By Owen Kirby
The assassination last week of Kandahar police chief, and southern Afghan powerbroker, Abdul Raziq Achekzai, and the narrow escape of the top U.S. military commander exposes certain contradictions in U.S. policy in Afghanistan since 2001. From the earliest days of Operation Enduring Freedom (now Resolute Support), the United States has pursued twin objectives of counterterrorism (sometimes counterinsurgency) and institution-building in Afghanistan. In theory, they are two sides of the same coin: security is required to build institutions, institutions are needed to sustain the peace. In practice, however, the pursuit of the two tracks has been uneven and, at times, in conflict.
The fact that the most influential Afghan official in southern Afghanistan 17 years after the fall of the Taliban was not a civilian but rather a 39-year-old police commander reflected not so much the inherent turbulence of the south as much as the failure of institutions to take root in the post-Taliban period, and the dashed expectations of Afghan citizens whose loyalties have remained up for grabs – the reliance on a strongman to fill the institutional void both a cause and a consequence.
Whether local powerbrokers (“warlords” in local parlance) such as Raziq can be enablers of institution building or an obstruction depends one’s perspective. Escaping the assassin’s bullets last week, Gen. Scott Miller later tweeted that Raziq was a “great friend” and an Afghan “patriot.” He was not the first U.S. commander to publicly offer kind words for the police chief. Any U.S. serviceman or woman who deployed to Afghanistan’s south during Raziq’s tenure also likely owed him a debt of gratitude for keeping resupply lines open through his frontier outpost in Spin Boldak on the AfPak border.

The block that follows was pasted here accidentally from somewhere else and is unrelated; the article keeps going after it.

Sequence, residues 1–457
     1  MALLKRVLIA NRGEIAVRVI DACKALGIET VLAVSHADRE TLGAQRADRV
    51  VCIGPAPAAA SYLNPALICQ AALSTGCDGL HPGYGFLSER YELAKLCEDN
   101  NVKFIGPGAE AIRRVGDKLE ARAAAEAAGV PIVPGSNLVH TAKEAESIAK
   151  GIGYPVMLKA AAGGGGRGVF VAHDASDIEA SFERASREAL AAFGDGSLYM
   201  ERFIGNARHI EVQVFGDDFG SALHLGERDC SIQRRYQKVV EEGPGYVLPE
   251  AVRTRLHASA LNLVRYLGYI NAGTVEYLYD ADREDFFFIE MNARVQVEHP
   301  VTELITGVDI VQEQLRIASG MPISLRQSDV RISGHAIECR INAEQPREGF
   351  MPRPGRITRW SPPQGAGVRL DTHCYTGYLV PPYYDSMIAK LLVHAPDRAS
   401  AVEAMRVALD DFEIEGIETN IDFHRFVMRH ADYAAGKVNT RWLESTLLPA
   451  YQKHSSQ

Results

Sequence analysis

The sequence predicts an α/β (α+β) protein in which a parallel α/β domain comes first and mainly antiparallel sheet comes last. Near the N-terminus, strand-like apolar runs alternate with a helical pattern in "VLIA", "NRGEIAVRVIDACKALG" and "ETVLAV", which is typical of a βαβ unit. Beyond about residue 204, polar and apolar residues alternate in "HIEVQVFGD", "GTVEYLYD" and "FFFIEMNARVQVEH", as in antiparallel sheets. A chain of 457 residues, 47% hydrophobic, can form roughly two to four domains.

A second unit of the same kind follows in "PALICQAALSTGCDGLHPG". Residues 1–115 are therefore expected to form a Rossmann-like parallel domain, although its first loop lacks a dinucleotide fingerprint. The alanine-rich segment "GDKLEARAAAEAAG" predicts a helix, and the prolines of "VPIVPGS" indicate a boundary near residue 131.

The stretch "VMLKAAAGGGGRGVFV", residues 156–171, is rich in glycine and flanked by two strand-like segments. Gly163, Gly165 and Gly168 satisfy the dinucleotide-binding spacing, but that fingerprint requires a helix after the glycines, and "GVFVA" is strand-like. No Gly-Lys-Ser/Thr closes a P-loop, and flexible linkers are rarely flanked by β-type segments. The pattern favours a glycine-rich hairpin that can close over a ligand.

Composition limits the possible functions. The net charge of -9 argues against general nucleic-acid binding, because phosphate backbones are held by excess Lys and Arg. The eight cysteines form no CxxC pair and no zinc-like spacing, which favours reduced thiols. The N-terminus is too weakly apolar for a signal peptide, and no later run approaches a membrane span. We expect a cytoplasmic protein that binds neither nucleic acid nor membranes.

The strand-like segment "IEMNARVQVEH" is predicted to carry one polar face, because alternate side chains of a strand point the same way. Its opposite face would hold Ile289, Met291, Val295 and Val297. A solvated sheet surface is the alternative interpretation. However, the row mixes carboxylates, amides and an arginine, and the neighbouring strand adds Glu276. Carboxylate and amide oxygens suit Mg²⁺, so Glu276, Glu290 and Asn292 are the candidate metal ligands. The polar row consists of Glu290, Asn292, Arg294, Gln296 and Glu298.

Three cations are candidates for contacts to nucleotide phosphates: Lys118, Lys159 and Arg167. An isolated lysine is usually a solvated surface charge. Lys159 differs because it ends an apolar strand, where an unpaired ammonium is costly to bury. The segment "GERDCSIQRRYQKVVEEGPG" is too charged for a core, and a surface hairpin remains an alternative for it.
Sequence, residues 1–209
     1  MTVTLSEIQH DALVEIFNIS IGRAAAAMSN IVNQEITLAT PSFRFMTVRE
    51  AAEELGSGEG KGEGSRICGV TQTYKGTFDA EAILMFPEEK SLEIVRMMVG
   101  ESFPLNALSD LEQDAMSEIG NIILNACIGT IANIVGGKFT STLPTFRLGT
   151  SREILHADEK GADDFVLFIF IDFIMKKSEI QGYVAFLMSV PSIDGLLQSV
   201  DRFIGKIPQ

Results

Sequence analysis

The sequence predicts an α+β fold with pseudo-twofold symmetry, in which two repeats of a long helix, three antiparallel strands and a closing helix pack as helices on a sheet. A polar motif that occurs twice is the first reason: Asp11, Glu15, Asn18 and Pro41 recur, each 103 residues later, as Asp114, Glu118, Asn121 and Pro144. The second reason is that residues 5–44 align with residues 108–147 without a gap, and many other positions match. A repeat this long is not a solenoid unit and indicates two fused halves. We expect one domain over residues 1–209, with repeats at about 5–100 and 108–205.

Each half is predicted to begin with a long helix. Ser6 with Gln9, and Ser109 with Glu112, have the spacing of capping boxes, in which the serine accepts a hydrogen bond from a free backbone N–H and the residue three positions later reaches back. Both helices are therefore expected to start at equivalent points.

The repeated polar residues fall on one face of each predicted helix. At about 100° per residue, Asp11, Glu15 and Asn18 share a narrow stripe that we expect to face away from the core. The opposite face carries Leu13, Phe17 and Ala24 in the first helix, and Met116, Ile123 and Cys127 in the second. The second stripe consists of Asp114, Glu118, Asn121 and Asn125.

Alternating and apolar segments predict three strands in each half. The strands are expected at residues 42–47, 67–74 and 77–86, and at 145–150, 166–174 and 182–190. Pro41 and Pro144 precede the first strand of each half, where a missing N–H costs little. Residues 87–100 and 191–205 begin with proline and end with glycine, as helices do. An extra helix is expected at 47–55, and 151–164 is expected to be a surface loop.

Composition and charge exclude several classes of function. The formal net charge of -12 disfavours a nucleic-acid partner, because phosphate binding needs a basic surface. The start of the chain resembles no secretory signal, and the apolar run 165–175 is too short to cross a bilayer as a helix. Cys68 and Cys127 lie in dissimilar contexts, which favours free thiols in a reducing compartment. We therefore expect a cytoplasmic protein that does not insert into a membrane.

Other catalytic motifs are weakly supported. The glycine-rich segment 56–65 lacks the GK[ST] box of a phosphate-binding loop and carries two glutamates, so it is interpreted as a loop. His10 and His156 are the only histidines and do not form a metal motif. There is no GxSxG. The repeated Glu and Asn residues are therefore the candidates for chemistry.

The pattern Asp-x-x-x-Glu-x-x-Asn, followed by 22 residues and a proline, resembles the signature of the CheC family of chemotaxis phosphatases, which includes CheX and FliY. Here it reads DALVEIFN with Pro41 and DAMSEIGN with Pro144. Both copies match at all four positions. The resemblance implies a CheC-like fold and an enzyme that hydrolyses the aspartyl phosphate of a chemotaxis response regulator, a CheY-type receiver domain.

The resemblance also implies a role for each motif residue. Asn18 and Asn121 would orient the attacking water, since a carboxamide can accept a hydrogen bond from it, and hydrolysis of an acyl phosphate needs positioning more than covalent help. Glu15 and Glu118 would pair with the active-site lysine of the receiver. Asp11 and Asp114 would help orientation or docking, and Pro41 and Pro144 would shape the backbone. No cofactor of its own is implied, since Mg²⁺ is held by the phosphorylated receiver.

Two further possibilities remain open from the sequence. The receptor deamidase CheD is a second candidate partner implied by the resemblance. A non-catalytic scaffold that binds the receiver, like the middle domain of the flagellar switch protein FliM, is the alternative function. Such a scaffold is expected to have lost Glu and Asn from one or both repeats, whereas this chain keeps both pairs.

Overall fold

If Raziq shared U.S. military objectives in Afghanistan, he did not share in the vision of the more than four million Afghans who braved Taliban violence this past weekend to vote in oft delayed parliamentary elections. Rule of law and representative institutions were not integral to Raziq’s approach to security and stability. If the Taliban hoped to frighten Afghans away from legitimizing the post-911 political order at the polls, Raziq made his own contributions to undermining public confidence in representative governance. I know, as I personally observed his men returning teeming ballot boxes to his compound in Spin Boldak during the last parliamentary elections in 2010; ballot boxes that, in some instances, were “secured” from polling centers that never opened, or had been “relocated.”
By some accounts, in recent years the residents of Kandahar City came to appreciate the security Raziq’s reportedly heavy-handed tactics afforded the country’s second most populace urban center; though one perhaps should not forget U.S., Canadian and British troops, who also made the ultimate sacrifice along the way. If such accounts of local sentiment were accurate, allegations of human rights abuses, informal prisons, racketeering and drug running by Raziq or his forces were a price some Afghans were willing to pay for the sake of security.
Raziq’s most important constituency, however, was not fellow Afghans – current president Ashraf Ghani was publicly at odds with him – but rather U.S. military leadership that behind closed doors won many a debate with civilian counterparts about the merits of strongman rule. With institutions of good governance on the losing side in those debates, Raziq’s death will thus be a test of the durability of the preeminence of counterterrorism in U.S. Afghan policy. While there may be no immediate risk – Afghan forces backed by the U.S. are capable of fending off any Taliban advance as demonstrated in the capital of Ghazni province this past August – at some point the Afghans will need to fend for themselves and that is when the true test will come.
If there is any question about what the future of Afghanistan could look like absent institutions Afghans themselves are willing to defend or an international military presence to keep extremists at bay, one does not have to look very far from the site of last week’s assassination. Close by Kandahar City, large swathes of territory have already been ceded back to the Taliban, most notably in neighboring Helmand province, where British troops endured their heaviest combat casualties since WWII attempting to lay the groundwork for future Afghan stability.
Across Afghanistan today, the inconvenient reality is that despite significant international investment of men and material since 2001, the Taliban controls or contests more territory than at any time since 911. Some might argue that a greater focus on strengthening the rule of law and the foundations of good governance in Afghanistan may not have succeeded in preventing this. One thing is certain: the bet on one regional strongman did little to deter it.